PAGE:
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Tracking error: How to measure it and what it tells us

The ideal method for comparing the cost of index trackers is tracking error not the commonly cited but flawed Total Expense Ratio (TER).

Tracking error enables you to dig beneath superficial differences in TER to unmask deeper cost divides between tracker funds.

These cost gulfs can have a significant impact on your eventual returns, as demonstrated by doing a tracking error comparison between three of Britain’s cheapest FTSE All-Share trackers.

But how important is this information, and how can you conduct tracking error comparisons with your own funds?

Read on! But before you do, please check out that FTSE tracker comparison, and take a look at this piece about tracking difference.1

To briefly recap our previous results, we analysed the returns of three FTSE All-Share trackers against their benchmarks:

FTSE All-Share trackers compared against their benchmark.

The Vanguard fund was the clear winner with a tracking error of 0.07% in the last year. The HSBC fund came in a distant second (0.5%), and the Fidelity fund trailed in dead last (0.82%).

How to decide if you are in the wrong fund

So is that job done? Should passive investors across the nation stampede out of their Fidelity FTSE All-Share trackers and into Vanguard’s?

AHAHAHAHAHA! You and I both know it’s never so simple. Where’s the fun in a straightforward decision like that?

Here’s the pros and cons of leaping into action based on the result of our tracking error comparison.

Pros:

  • The Vanguard fund bastes its rivals by similar margins in both years that data is available for.
  • Vanguard rebalances its fund more frequently to help it stay true to the index. (Vanguard rebalances daily, HSBC quarterly, and Fidelity when the index rebalances).
  • Vanguard lends out the fund’s underlying stocks to other market operators. This practice earns commission for the fund that reduces its overall cost and thus its tracking error. Vanguard’s policy enables it to lend out 100% of the fund’s stocks.
  •  All of the stock-lending proceeds are returned to the fund – Vanguard doesn’t snaffle any of the upside for the management company’s profit at the expense of its investors. This is so generous, it makes the Good Samaritan look like a git.
  • 100% of the Vanguard fund’s stocks may be lent. This is good if you like having your costs reduced, but bad if you’re not so keen on stock-lending risk.
  • HSBC will lend up to 70% of its fund’s stock, but it only returns 75% of the proceeds to the fund. The rest goes to HSBC, even though it’s the investors who are on the hook if HSBC can’t get the stocks back.

Cons:

  • Tracking error is unlikely to stay constant year in, year out.
  • Only two years of data is available for the Vanguard fund. Ideally we’d have five.
  • If you’d rather your fund doesn’t hawk out its assets for money then go for Fidelity – it doesn’t lend out any stock from the fund.
  • Comparison data may not be 100% reliable.

Tracking error DIY guide

Rather than me clouding the issue with pros and cons and ifs and buts, it might help you to decide if you recreate your own tracking error play-offs.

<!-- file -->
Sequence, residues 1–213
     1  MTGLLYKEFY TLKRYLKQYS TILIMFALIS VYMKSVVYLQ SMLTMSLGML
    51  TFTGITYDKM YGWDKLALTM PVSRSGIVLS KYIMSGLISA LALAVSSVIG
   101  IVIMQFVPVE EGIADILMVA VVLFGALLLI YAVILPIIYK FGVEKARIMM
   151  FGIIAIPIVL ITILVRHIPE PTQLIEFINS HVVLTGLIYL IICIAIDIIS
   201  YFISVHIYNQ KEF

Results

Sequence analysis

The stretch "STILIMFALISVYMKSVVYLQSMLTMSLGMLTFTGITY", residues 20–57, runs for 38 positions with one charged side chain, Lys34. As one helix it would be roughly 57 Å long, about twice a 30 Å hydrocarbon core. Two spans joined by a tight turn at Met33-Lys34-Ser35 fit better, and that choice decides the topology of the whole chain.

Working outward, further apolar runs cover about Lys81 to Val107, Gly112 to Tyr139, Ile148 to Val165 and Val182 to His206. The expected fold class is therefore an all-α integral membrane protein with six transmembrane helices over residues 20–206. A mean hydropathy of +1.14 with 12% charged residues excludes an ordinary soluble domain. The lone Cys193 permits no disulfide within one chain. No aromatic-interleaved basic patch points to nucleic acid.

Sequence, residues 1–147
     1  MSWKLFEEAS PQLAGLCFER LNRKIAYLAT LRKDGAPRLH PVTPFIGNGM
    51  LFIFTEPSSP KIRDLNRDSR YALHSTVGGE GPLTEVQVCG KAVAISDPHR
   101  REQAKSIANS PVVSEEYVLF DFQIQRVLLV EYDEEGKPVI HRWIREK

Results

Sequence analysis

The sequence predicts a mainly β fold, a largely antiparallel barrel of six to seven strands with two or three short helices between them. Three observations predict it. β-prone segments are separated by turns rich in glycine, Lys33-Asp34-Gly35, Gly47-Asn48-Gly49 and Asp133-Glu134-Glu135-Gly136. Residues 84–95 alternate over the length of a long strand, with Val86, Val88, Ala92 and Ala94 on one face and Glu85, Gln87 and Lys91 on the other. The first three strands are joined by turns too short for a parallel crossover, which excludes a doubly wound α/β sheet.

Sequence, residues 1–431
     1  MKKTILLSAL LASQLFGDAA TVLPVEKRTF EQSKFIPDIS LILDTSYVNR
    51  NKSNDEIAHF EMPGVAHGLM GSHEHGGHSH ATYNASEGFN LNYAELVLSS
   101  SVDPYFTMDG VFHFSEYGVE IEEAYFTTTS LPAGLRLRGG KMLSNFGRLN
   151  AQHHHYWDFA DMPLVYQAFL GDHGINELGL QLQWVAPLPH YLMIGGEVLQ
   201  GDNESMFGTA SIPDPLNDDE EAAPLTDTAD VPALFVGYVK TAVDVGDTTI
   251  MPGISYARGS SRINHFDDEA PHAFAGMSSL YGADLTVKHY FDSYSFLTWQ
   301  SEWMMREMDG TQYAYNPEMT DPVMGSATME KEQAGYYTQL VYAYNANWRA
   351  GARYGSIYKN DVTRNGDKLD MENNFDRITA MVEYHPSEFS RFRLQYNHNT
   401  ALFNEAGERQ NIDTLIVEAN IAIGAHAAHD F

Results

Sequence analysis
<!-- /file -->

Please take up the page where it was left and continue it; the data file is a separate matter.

You can do this by comparing index trackers against their benchmark returns on your favourite chart comparison tool.

Compare tracking error with a charting tool

I used Hargreaves Lansdown’s charts because they are fabulously user-friendly and they present the returns information in a ready-to-eat table format:

  • Search for a fund on Hargreaves Lansdown and click through to its ‘Overview’ page.
  • Click on the ‘Charts and performance’ tab.
  • Go to ‘Add to chart’ and add your index.
  • Add your funds, making sure you click on the right version. E.g. Acc for accumulation units and Inc for income units.
  • Also look out for R or Ret for retail funds, as opposed to Inst for institutional funds.
  • Add ETFs by clicking on Equity in the ‘Choose your investment’ section.
  • Type in the three or four letter ticker symbol for the ETF. e.g. ISF2. (You’ll find the symbol on the ETF’s factsheet.)
  • Compare your tracker’s year-by-year returns and cumulative returns against the index.
  • Tracking error equals the difference between the index’s return and your tracker’s return.

Obviously the tracker that hugs the index the closest is doing the best job.

In fact, even if your fund is trouncing its index then you’ve got problems, because it’s not doing the job you’ve bought it for. As with mutants, for trackers any deviation is bad.

Make sure you’re comparing the tracker against the index referenced as its benchmark on its factsheet – otherwise the comparison is unfair.

Note that there are even different versions of the same index. So choose the Total Return flavour if you reinvest your dividends, the Price Return index if you don’t.

Tracks of my tears

Plotting tracking error comparisons can be more frustrating than trying to penetrate a call centre telephone menu while The Entertainer plays on perpetual loop.

Matching up FTSE All-Share trackers is reasonably easy because the FTSE All-Share index is recognised by the financial tools available to retail investors.

You are equally in luck if you want to compare against the FTSE 350 Beverages index or the Oslo All-Share.

But comparing emerging market trackers against the MSCI Emerging Markets index? Forget it. Trustnet won’t let you do it, nor Morningstar, Yahoo Finance, or Hargreaves Lansdown. Google Finance will but the results are laughably wrong.

The best I’ve managed in these situations is to plot fund returns against each other to see how synchronised they are, then compared that with published factsheets to see how tightly each fund usually performs against its benchmark.

At least that enables me to see the differences in fund performance, and I can estimate how effectively they track the index. It’s not great but it’s the best I can find right now. If anyone knows better I’d love to hear from you.

There are plenty of factors to consider when choosing a tracker but tracking error is the most important, which makes it a mighty shame that it’s so hard to get clean data for many indices.

Acting on tracking error data is partly a judgement call, partly guesswork, partly deciding on your own tolerance levels.

Personally, if I know I can buy something for half the cost elsewhere then it’s time to swing into action.

Take it steady,

The Accumulator

  1. I am referring to tracking difference as tracking error in this piece because that is common parlance. []
  2. iShares FTSE 100 []